Hurting the Economy: What is the impact of Atlantic Hurricanes?

By: Siva Sooryaa

Continued ignorance of climate change and improper urban planning have amplified the impact of Atlantic hurricanes

In the past month, the US economy lost 33,000 jobs and for the first time in seven years, the employment market is in red. The combined damages from the Atlantic hurricanes are estimated to be at least $400 billion. “Economists estimate that Harvey and Irma, which struck Texas and Florida, could cut as much as six-tenths of a percentage point from GDP growth in the third quarter” (Fortune). Thousands of families were not insured, stations were out of gas, evacuation efforts were greatly obstructed, and not to forget thousands of casualties suffered as well!

Estimating the economic impact of hurricanes depend on various factors: location of the region, intensity of the hurricanes, factors impacting the economic output of the region and the intensity of the output. Impact estimates are divided into two categories: direct (such as physical destruction) and indirect (such as insurance claims). A university study has taken a different approach with  three major factors into consideration: the number of storms, maximum wind speed at landfall, and GDP.  For the university study’s analysis, “damages per storm over time conditional on wind speed are proportional to nominal GDP”. In any case, most of the actual statistics would take at least a year or 8 months to give a perspective on the actual economic damage of these hurricanes.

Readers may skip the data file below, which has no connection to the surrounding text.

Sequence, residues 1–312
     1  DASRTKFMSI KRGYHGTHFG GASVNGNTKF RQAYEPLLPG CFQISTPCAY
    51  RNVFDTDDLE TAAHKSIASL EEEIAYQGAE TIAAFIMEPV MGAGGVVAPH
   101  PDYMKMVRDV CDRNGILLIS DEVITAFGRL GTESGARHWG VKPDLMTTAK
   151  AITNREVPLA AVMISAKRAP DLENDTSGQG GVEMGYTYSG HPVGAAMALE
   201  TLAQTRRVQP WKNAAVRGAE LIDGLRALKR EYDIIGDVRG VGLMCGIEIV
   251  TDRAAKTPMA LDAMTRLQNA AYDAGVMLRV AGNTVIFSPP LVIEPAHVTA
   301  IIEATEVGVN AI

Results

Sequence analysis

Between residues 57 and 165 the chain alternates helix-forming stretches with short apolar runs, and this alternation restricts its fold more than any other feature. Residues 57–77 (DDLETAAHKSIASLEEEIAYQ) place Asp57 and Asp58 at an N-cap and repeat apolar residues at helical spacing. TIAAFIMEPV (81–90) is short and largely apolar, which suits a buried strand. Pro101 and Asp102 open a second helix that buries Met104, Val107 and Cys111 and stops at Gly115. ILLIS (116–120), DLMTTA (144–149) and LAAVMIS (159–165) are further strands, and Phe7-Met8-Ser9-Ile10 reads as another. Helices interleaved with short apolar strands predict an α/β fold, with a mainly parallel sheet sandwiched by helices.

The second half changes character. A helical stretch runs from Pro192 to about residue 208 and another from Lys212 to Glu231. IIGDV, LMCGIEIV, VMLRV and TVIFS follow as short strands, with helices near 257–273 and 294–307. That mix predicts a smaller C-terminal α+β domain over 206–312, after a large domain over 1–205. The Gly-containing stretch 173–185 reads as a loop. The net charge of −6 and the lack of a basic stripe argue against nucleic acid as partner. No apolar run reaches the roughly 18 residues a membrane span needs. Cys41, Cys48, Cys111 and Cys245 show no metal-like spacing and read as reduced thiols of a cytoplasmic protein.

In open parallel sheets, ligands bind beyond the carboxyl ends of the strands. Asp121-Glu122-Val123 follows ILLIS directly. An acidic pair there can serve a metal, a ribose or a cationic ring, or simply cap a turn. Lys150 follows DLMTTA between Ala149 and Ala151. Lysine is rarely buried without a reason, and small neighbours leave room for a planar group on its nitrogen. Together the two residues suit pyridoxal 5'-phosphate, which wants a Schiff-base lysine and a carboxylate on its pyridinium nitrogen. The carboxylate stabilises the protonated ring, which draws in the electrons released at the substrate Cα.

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Figure 2: Most costly US Hurricanes

The Atlantic storm season is an annual event, but this year with five major hurricanes making their landfall in the US, questions are being raised about the causes of these hurricanes, with climate change as a dominant one. It is a basic scientific fact that the potency of hurricanes depends on the amount of rainfall they can precipitate. Jamie Kossin, an atmospheric scientist at the National Oceanic and Atmospheric Administration (NOAA) explains that “air can hold about 7 percent more water for every degree Celsius increase in temperature”. Also, the thermal expansion and melting of Polar Caps have led to an increase in ocean water temperatures. Since tropical cyclones can emerge at a quicker rate when water is at higher temperatures, these hurricanes are formed on a more powerful scale and at higher frequency.

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Figure 3: An infographic describing precipitation levels of different hurricanes